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Today's Stichomancy for Chow Yun Fat

The first excerpt represents the element of Air. It speaks of mental influences and the process of thought, and is drawn from King Henry VI by William Shakespeare:

And cannot help the noble chevalier: God comfort him in this necessity! If he miscarry, farewell wars in France.

[Enter Sir William Lucy.]

LUCY. Thou princely leader of our English strength, Never so needful on the earth of France, Spur to the rescue of the noble Talbot, Who now is girdled with a waist of iron, And hemm'd about with grim destruction. To Bordeaux, warlike Duke! to Bordeaux, York!

The second excerpt represents the element of Fire. It speaks of emotional influences and base passions, and is drawn from Taras Bulba and Other Tales by Nikolai Vasilievich Gogol:

vision. It seemed as though there were something in the old man's very glance and expression which said that he had been with him that night: his hand still felt the weight which had so recently lain in it as if some one had but just snatched it from him. It seemed to him that, if he had only grasped the roll more firmly, it would have remained in his hand, even after his awakening.

"My God, if I only had a portion of that money!" he said, breathing heavily; and in his fancy, all the rolls of coin, with their fascinating inscription, "1000 ducats," began to pour out of the purse. The rolls opened, the gold glittered, and was wrapped up again; and he sat motionless, with his eyes fixed on the empty air, as if he


Taras Bulba and Other Tales
The third excerpt represents the element of Water. It speaks of pure spiritual influences and feelings of love, and is drawn from Bucky O'Connor by William MacLeod Raine:

Megales understood the quality of her hate, and beckoned to his future son-in-law. "I have some arrangements to make for our journey to-night. Would it distress you, senor, if I were to leave you for a while?"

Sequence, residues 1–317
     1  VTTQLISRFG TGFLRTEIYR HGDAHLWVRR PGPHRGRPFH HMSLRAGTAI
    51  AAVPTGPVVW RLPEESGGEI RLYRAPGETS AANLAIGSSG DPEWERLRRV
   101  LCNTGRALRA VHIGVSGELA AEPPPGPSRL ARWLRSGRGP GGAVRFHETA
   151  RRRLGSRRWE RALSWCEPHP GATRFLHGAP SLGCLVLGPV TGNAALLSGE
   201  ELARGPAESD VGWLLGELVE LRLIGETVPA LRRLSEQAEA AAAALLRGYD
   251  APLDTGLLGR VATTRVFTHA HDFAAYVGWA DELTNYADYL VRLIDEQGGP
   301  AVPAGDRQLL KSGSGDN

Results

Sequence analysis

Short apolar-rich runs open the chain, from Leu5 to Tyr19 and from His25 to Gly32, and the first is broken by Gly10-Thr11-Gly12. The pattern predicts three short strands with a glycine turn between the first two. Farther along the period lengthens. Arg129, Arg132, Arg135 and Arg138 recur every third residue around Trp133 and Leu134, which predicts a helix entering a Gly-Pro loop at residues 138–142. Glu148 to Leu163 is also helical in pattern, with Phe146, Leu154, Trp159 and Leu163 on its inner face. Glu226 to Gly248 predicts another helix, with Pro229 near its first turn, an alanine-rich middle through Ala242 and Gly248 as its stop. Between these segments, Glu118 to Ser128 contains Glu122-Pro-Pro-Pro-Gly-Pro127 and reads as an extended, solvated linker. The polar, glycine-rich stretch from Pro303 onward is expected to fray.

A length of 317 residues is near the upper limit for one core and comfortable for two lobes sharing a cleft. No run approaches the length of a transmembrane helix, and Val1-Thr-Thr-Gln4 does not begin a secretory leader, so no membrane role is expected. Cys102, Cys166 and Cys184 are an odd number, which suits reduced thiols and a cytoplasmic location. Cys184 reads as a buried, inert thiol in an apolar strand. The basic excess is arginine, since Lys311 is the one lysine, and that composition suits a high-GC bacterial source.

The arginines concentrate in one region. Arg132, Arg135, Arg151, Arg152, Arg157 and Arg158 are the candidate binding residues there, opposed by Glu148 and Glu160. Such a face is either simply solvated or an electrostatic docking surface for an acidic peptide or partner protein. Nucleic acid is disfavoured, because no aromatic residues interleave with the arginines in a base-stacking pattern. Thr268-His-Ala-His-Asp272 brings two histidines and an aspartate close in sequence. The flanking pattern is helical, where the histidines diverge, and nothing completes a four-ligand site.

He slipped out and left them alone.

"Well?" asked O'Halloran, who had remained in the corridor.

"I think, Senor Dictator, I shall have to make the trip with only General Carlo for a companion," answered the Spaniard.

The Irishman swung his hat. "Hip, hip, hurrah! You're a gentleman I could find it in me heart to both love and hate, governor."

"And you're a gentleman," returned the governor, with a bow, "I

The fourth excerpt represents the element of Earth. It speaks of physical influences and the impact of the unseen on the visible world, and is drawn from Sons of the Soil by Honore de Balzac:

convictions were joined to political opinions that were equally strong. There was something of the priest of the olden time about him; he held to the Church and to the clergy passionately; saw the bearings of things, and no selfishness marred his one ambition, which was TO SERVE. That was his motto,--to serve the Church and the monarchy wherever it was most threatened; to serve in the lowest rank like a soldier who feels that he is destined, sooner or later, to attain command through courage and the resolve to do his duty. He made no compromises with his vows of chastity, and poverty, and obedience; he fulfilled them, as he did the other duties of his position, with that simplicity and cheerful good-humor which are the sure indications of